A disgrace to human rights

For years the State of Israel has endured a deep lack of understanding regarding its war against terrorist organizations.

By LIRAM KOBLENTZ-STENZLER
March 9, 2017 21:50
3 minute read.
Antonio Guterres‏

United Nations Secretary-General Antonio Guterres‏. (photo credit: REUTERS)

Human rights organizations have called for the United Nation’s secretary-general, Antonio Guterres, to add the IDF to the blacklist of states and armed organizations responsible for serial injury to children during armed conflict, alongside brutal terrorist and guerrilla organizations such as ISIS and al-Qaida. This attests to the international community’s profound misunderstanding of the difficulty sovereign states face in low-intensity war (fighting terrorist/guerrilla organizations) while minimizing the collateral damage.

For years the State of Israel has endured a deep lack of understanding regarding its war against terrorist organizations. A prominent case in point is the UN’s Goldstone Report that was published after Operation Cast Lead in 2009. This report served as a “moral earthquake” as far as Israel was concerned, as it stated that Israel had a policy of deliberately harming civilian noncombatants.

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In an op-ed published two years later (April 2011) in The Washington Post, Goldstone retracted this statement and admitted that “if I had known then what I know now, the Goldstone Report would have been a different document.”

Upon retraction, Goldstone argued that the international laws of war should be implemented by nonstate organizations, such as Hamas, to the same extent in which they should be implemented by the armies of sovereign states. According to Goldstone, lack of implementation of the international laws of war during warfare should lead to investigation of the violating party.

This assertion is compelling testimony to the lack of understanding that the terrorist organizations, such as Hamas which the IDF is fighting, have an entirely different value system from that which is acceptable to Israel as a democratic country. These organizations tend not to take human life into consideration – not the lives of their own activists, or the lives of the population in whose name they are fighting, or the lives of the enemy.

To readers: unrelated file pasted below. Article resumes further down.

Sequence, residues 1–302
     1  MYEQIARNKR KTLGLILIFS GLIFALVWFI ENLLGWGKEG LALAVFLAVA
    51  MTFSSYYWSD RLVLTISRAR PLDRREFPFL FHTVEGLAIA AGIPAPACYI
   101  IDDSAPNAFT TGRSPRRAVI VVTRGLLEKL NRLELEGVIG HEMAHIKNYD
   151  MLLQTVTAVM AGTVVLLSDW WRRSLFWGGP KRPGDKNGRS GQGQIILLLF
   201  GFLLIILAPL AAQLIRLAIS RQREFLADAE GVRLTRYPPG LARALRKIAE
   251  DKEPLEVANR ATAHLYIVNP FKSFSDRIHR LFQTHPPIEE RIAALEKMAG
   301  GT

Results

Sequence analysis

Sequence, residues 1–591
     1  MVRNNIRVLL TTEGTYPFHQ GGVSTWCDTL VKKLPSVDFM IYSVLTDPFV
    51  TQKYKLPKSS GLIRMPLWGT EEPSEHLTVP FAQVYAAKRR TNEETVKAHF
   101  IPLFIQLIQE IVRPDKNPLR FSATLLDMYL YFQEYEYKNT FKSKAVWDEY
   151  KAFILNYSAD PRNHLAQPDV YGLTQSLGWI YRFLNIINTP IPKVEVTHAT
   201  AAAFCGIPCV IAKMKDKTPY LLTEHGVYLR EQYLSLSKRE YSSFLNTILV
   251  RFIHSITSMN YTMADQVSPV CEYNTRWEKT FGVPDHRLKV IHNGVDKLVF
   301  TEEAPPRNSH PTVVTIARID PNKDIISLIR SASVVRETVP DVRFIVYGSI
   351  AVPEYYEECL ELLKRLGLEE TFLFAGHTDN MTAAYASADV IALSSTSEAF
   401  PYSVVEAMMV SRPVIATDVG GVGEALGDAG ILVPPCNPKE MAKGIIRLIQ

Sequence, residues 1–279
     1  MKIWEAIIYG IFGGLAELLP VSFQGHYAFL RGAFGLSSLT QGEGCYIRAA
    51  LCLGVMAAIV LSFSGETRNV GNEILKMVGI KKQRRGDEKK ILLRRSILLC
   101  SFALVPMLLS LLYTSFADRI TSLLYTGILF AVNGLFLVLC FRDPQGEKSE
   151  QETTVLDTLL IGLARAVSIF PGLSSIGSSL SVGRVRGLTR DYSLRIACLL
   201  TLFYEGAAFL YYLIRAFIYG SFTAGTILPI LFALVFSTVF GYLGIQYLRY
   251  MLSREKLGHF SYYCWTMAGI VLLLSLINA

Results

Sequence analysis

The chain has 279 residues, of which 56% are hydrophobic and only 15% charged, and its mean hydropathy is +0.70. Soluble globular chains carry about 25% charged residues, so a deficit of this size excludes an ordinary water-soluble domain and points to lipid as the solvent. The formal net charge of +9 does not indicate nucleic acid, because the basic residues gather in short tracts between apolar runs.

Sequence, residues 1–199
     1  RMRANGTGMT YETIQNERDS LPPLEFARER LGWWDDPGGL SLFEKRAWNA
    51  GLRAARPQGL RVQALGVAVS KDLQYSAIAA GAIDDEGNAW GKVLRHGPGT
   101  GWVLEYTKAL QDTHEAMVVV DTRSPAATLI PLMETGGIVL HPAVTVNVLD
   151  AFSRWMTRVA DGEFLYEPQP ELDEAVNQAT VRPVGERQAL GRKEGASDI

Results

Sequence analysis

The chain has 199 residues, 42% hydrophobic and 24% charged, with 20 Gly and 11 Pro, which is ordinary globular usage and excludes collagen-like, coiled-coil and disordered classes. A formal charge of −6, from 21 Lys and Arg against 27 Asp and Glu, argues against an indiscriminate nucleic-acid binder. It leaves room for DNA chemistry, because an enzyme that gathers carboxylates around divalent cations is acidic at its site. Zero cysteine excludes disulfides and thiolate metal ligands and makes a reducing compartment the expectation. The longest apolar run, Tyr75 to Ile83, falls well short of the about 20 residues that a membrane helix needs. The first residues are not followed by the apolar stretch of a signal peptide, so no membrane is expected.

Thus, despite their similarity to conventional armies and their military might – possessing as they do large quantities of ammunition, an organized military force and sophisticated military tactics and strategy – not only do they not adhere to international law during fighting, they deliberately violate it. One of their main strategies is to fight against Israeli civilian populations and IDF soldiers from within their own civilian populations, in order to deliberately blur the distinction between the civilians and their fighters – for instance, firing rockets or mortar shells from civilian facilities such as schools, mosques, churches and hospitals. In this way they hope to force the IDF to target those facilities and thus deprive it of legitimacy to act, leading to condemnation of the IDF and Israel by the international community.

Such acts by these organizations from within civilian populations lay the responsibility for endangering civilian security on them and not on the IDF. Nevertheless, during battle, the IDF – as a moral army – is undoubtedly responsible for maintaining not only the human dignity of Israel’s civilians and soldiers, but also the human dignity of the opposing side’s civilians and soldiers. Meaning, the IDF must strive to minimize as much as possible the damage caused to the civilian population of the other side.

However, it must be understood that so long as the UN and human rights organizations are unable to comprehend the huge difference between conventional wars and low-intensity wars; and until the legal and moral justifications for the various actions taken during combat are adjusted accordingly, we will continue to witness international condemnation of Israeli and IDF actions.

Liram Koblentz-Stenzler is a doctoral student of military ethics and terror in the Political Science Department at Tel Aviv University. She previously was a research fellow at Yale University


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